SADLER, MICHAEL THOMAS (1780–1835), English, social reformer and economist, was born at Snelston, Derbyshire, on the 3rd of January 1780. Settling down in business in Leeds in 1800, he early took an active part. in political life, devoting himself particularly to the administration of the poor law. In 1828 he wrote Ireland: its Evils and their Remedies, in which he advocated a poor-law, and a tax on absenteeism. He also took a share in the Malthusian controversy, writing The Law of Population: a Treatise in Disproof of the Super-fecundity of Human Beings and developing the Real Principle of their Increase (1830). He entered parliament in 1829 as member for Newark, and devoted his efforts to questions of social reform. He took a leading part in the agitation for the prevention of child labour in factories—he was chairman of, the committee appointed to inquire into the subject. He contested Leeds after the Reform Bill of 1832 (Aldborough, for which 'he had sat after Newark, being deprived of its member), but was defeated by Macaulay. In 1834 he was unsuccessful at Huddersfield, and failing health prevented any further attempts to re-enter parliament. He settled down in Belfast, where his firm had business interests, and died at New Lodge on the 29th of July 1835.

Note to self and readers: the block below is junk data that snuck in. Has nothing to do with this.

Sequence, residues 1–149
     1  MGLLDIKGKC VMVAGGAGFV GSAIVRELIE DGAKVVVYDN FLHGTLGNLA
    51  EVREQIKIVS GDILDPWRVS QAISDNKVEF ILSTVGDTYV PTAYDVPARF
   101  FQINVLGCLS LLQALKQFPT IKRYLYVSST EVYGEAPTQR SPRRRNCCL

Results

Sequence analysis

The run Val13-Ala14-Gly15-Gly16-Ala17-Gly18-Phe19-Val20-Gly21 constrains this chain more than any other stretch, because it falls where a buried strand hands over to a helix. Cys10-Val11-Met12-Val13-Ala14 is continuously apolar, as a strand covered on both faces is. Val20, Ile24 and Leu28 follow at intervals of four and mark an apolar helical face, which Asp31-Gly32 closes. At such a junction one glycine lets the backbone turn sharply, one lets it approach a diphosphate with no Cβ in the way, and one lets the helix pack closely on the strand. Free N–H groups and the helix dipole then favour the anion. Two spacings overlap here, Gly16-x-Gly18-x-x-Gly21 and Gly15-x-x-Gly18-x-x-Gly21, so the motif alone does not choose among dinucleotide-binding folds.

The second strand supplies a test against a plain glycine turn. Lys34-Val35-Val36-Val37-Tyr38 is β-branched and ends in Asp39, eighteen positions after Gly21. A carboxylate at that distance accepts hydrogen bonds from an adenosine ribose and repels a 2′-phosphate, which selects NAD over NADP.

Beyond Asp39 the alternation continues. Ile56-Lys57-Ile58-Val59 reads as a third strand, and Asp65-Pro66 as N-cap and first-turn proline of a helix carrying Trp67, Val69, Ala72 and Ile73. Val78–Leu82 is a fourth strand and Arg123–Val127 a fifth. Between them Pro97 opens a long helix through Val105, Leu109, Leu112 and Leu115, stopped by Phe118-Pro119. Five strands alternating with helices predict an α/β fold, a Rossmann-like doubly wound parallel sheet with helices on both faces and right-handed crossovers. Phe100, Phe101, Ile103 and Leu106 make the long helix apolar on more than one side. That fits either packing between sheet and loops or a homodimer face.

See R. B. Seeley, Memoirs of M. T. Sadler (1842).